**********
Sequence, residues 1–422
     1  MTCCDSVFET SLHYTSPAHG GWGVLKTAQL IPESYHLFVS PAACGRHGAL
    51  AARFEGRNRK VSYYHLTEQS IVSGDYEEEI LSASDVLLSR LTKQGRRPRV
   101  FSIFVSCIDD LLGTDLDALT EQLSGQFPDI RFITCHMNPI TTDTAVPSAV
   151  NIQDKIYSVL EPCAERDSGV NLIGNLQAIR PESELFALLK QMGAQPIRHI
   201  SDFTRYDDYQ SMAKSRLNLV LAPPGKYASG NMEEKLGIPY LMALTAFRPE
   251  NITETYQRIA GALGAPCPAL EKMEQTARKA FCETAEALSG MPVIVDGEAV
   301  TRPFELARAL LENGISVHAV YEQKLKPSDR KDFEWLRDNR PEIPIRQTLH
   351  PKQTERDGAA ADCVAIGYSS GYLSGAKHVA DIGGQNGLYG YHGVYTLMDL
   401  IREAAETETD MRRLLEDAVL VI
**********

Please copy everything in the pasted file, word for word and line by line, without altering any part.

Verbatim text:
Sequence, residues 1–422
     1  MTCCDSVFET SLHYTSPAHG GWGVLKTAQL IPESYHLFVS PAACGRHGAL
    51  AARFEGRNRK VSYYHLTEQS IVSGDYEEEI LSASDVLLSR LTKQGRRPRV
   101  FSIFVSCIDD LLGTDLDALT EQLSGQFPDI RFITCHMNPI TTDTAVPSAV
   151  NIQDKIYSVL EPCAERDSGV NLIGNLQAIR PESELFALLK QMGAQPIRHI
   201  SDFTRYDDYQ SMAKSRLNLV LAPPGKYASG NMEEKLGIPY LMALTAFRPE
   251  NITETYQRIA GALGAPCPAL EKMEQTARKA FCETAEALSG MPVIVDGEAV
   301  TRPFELARAL LENGISVHAV YEQKLKPSDR KDFEWLRDNR PEIPIRQTLH
   351  PKQTERDGAA ADCVAIGYSS GYLSGAKHVA DIGGQNGLYG YHGVYTLMDL
   401  IREAAETETD MRRLLEDAVL VI